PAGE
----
Vaping & the Microbes in Your Mouth

by | Sep 16, 2020 | Oral Health

A new study has added yet more evidence that vaping changes the oral microbiome – and not for the better.

“The oral microbiome is of interest to us because research shows that changes in its microbial community as a result of environmental and host factors contribute to a range of health issues, including cavities, gum disease, halitosis, and medical conditions such as diabetes, cardiovascular disease, and cancers,” said Deepak Saxena, PhD, professor of basic science and craniofacial biology at NYU College of Dentistry and the study’s co-senior author.

The study included 119 participants. Some smoked, some didn’t, and others used e-cigarettes. All underwent oral exams and gave saliva samples that were analyzed with 16S rRNA high throughput sequencing.

The researchers found that e-cigarette users had significantly different microbial communities than members of the other two groups. For one, they had higher levels of Porphyromonas and Veillonella bacteria, both of which are involved in gum disease.

The researchers also found that the altered microbiome in e-cigarette users influenced the local host immune environment compared to non-smokers and cigarette smokers. IL-6 and IL1β—cytokines involved in inflammatory responses—were highly elevated in e-cigarette users. Cell studies also showed upregulation of IL-6 after exposure to e-cigarette aerosols, resulting in an elevated inflammatory response. Moreover, e-cigarette aerosols made cells prone to bacterial infection, which points to a greater risk for infection in e-cigarette users.

Of course, scientific evidence is one thing. But sometimes it takes real world examples will drive the point home.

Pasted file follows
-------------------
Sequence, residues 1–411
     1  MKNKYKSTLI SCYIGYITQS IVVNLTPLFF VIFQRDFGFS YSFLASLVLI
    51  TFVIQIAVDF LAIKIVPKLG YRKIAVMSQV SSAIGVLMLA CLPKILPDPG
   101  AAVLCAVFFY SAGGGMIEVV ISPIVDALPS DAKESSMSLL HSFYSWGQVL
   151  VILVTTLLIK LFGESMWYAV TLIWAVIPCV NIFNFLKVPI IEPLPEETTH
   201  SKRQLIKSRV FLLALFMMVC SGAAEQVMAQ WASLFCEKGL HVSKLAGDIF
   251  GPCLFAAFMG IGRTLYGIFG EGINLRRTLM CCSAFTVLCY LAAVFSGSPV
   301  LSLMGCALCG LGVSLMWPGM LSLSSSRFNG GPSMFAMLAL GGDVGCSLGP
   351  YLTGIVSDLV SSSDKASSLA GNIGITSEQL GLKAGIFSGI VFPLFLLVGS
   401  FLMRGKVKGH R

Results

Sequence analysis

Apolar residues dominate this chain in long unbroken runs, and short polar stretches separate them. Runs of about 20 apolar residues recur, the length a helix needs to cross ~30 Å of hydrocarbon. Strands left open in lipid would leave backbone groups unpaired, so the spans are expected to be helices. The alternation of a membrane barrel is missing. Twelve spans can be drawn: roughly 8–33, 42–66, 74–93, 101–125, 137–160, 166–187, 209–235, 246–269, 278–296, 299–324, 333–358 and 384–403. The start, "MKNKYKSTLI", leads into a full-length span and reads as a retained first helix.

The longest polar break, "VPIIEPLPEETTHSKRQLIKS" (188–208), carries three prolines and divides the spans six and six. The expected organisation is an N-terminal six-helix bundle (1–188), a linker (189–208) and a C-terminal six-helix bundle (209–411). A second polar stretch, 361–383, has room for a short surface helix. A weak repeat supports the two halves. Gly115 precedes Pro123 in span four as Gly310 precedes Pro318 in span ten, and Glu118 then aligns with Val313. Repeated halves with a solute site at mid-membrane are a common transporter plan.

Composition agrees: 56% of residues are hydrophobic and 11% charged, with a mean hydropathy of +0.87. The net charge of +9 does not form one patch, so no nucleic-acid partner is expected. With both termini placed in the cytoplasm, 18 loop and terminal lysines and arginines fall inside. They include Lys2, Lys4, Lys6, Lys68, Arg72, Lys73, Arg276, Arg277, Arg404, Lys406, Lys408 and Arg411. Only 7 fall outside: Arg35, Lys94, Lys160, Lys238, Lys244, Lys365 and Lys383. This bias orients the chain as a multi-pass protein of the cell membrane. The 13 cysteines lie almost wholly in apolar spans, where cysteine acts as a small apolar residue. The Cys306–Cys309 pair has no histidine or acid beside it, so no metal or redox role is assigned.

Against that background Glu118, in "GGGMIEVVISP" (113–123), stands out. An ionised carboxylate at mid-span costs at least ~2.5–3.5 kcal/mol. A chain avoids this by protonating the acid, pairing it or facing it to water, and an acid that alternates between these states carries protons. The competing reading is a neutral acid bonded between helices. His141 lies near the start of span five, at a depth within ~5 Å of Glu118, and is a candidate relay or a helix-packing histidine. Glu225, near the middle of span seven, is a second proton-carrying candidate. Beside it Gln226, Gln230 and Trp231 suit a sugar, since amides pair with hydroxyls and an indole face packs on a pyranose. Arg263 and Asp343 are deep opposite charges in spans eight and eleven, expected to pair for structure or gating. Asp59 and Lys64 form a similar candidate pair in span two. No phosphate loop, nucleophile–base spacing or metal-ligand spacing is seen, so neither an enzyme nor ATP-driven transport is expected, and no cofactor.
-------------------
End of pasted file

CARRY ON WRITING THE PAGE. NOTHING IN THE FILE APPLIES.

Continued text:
One patient of a general dental practice had a caries-free history for 35 years. He ceased smoking traditional cigarettes and decided to vape as he thought this was a healthier alternative. Within a year, cervical enamel demineralization and interproximal lesions were present on the mandibular anterior sextant [just behind the lower front teeth], consistent with the primary point of contact of the e-liquid aerosol (figure 2).

teeth badly damaged by vaping

Figure 2: Effects of e-cigarette usage

In another example, a young patient had been using e-cigarettes for five years. He started vaping as a method to quit smoking traditional tobacco products thinking vaping was a healthy alternative. Because of its ease of use, he smoked a cartridge of one of the more popular vaping products a day. Admittedly, he also drank energy drinks (high sugar content), stating that his mouth was often dry after vaping. This combination led to rampant decay with smooth-surface lesions and future tooth loss.

Yet there are those that still insist this is a “healthier” option.

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